#3

Medical device/drug companiesseem to have different price regimes for different countries.

We have experienced this when travelling where jedications covered by Australia’s PBS are more expensive than the same non-subsidised medications overseas.

I don’t know why, but maybe it is another form of Australia Tax?


#4

We have an entire ‘industry’ of unqualified unregulated ‘cosmetic surgeons’ who might have medical degrees and can call themselves whatever they like even though they have zero related training.

There are routine reports of patients being harmed but government sits on its nethers. Just one of the recent reports. What does it take to do the obvious and properly regulate a medical/surgical ‘industry’?


#5

Like any of the professional groupings and sector related industries the medical profession and quasi professions are primarily self regulating. The same can be said for those groups subject to some form of government regulation.

They include GP’s, Registered Engineers, law professionals, through to plumbers and electricians. The expert boards or panels that advise and or manage and represent these are exclusive to the profession or those with the qualifications. needed. They are firstly, secondly and thirdly conflicted due to their peer group and self interest. Even our politicians fall under a similar regime of self regulation. We might determine who they are, but only they have the authority to enable changes to their status quo through the constitution. Even then the review committees for constitutional change have exclusive membership. Yes we also get a vote on it in the end. However it is no surprise few changes have ever been passed.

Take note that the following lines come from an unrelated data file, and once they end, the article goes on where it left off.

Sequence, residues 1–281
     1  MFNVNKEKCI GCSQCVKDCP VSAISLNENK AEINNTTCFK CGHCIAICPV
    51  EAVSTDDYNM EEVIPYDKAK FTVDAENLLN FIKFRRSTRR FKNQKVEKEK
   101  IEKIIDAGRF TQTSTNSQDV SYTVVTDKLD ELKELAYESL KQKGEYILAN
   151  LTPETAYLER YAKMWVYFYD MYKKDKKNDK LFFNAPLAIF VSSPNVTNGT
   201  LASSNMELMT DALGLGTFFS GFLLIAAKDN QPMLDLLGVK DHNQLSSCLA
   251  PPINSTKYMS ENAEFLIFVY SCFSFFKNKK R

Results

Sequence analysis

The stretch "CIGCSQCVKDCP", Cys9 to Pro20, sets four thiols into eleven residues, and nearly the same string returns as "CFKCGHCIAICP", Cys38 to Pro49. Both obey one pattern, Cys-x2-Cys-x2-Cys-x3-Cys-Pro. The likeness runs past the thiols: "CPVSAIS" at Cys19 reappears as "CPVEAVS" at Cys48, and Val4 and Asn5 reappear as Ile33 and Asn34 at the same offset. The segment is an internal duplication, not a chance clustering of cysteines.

If the system is not broken there is nothing more to do. If it is not working in one or two instances as noted previously, is this also a sign there may be wider concerns and need for a whole sale reform?

Reforms both of how these groups are regulated and who contributes to their oversight. We ask in a court lay people to be jurors and the courts produce detailed public records. There is no reason why the key bodies set up under statutory regulation for each group cannot include an equal number of lay members who have no vested interest in the outcomes. Members of the general public selected by ballot to provide their time and efforts, and not some politicians favourites. Volunteers (remunerated accordingly) with the desire to see transparency in the running of each group and to see sound practices that serve the community at large.